Tips On Becoming an Employer

Many small businesses operate on the basis that those working with them are self-employed. This enables a company to avoid the additional bureaucracy and effort of managing employees as it expands in the initial phase of its existence. Eventually, however, it is vital that a business acknowledges itself as an employer and enters into a formal relationship with its employees. This is necessary for legal and financial reasons, but in any event is also usually the best way to conduct a long-term relationship with those working for the business.

Financial Arrangements

The need to become an employer is triggered by an assessment of whether you are, in actual fact, responsible for employees rather than contractors. This is a legal test, but is usually quite obvious. If you have control over what someone does, as well as when and where they do it, you are likely to be their employer. Once this becomes obvious, you will need to take a number of steps in order to set yourself up to deal with your responsibilities. Full details of these can be found on the HMRC website, and most of them can be done online, but it is vital that you are in compliance with all of them.

The first step is to register as an employer with the HMRC, which for most small businesses can be done online. Following this, you will need to set yourself up as PAYE (Pay As You Earn) employer, so that you can deduct tax and national insurance from salaries. You will also need to keep careful records of these deductions, both for each employee over the year and for the business overall. These will generally need to be kept for the current tax year and the three preceding years, and will be needed when you are required to pay the money collected to HMRC during the year. Last but not least, you will also need to check that any new employee who comes to your business from outside the country is actually eligible to work in the UK!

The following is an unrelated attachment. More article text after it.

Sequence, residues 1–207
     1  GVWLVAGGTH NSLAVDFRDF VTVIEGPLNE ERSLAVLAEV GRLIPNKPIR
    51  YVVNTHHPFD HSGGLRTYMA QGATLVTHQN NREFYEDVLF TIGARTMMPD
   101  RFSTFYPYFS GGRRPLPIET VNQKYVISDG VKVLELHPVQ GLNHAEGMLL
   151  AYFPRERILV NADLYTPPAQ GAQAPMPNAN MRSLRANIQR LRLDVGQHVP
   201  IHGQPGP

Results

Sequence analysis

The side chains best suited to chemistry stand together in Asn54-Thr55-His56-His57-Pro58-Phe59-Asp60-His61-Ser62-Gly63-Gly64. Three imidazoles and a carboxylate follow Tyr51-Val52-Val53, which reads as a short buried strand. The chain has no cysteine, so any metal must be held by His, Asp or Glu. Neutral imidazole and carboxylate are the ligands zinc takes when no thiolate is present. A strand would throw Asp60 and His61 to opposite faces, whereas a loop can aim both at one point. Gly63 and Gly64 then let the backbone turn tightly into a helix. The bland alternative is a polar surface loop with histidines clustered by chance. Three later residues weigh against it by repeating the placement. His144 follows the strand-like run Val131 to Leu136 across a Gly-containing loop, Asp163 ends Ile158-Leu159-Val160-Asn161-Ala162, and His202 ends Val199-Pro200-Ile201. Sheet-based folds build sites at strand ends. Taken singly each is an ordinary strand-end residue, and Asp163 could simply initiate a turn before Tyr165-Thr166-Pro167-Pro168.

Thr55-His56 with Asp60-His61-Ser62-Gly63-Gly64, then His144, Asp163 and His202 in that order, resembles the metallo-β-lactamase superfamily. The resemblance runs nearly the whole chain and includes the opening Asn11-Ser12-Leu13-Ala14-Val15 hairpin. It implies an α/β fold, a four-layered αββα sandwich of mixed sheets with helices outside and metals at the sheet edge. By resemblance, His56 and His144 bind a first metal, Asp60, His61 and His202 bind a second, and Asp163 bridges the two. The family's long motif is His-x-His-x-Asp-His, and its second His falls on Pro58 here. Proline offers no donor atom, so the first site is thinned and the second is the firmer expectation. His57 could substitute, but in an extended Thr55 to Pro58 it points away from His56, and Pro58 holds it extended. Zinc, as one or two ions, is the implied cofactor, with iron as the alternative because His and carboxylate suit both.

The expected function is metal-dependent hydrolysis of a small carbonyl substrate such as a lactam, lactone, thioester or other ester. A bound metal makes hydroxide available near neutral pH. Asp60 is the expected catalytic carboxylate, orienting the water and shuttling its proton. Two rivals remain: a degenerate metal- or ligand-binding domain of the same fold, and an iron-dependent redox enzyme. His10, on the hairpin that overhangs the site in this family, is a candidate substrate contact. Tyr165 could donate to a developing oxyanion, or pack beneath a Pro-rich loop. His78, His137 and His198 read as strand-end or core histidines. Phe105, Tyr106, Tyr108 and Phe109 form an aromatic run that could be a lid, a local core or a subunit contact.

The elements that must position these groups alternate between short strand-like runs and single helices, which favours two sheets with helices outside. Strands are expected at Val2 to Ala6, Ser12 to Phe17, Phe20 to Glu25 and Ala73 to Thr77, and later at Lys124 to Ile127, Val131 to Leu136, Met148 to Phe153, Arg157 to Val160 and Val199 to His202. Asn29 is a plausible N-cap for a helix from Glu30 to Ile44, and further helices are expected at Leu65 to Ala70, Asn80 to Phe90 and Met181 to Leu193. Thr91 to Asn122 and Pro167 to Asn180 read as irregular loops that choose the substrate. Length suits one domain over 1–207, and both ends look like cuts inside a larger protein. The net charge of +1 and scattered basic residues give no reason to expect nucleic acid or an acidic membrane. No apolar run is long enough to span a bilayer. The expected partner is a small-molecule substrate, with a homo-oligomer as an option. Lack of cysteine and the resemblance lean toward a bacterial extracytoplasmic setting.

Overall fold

Management Procedures

Financial and administrative procedures are only one part of becoming an employer. You also owe it to your employees to take responsibility for managing them effectively, and for setting up a business for which it is both pleasant and empowering to work. By doing so, you will be able to retain employees more easily, as well as seeing an increase in productivity due to a genuine desire to do a good job. Whilst every business is different, the most important step in effective management is normally to set out transparent processes for decision-making, and to stick to them. The most demoralising aspect of any poorly managed workplace is a lack of knowledge about how decisions are made, because this makes it impossible to influence them. As far as possible, you should attempt to give employees power over their immediate situation. You will certainly be rewarded with greater loyalty, and with an increase to your bottom line.

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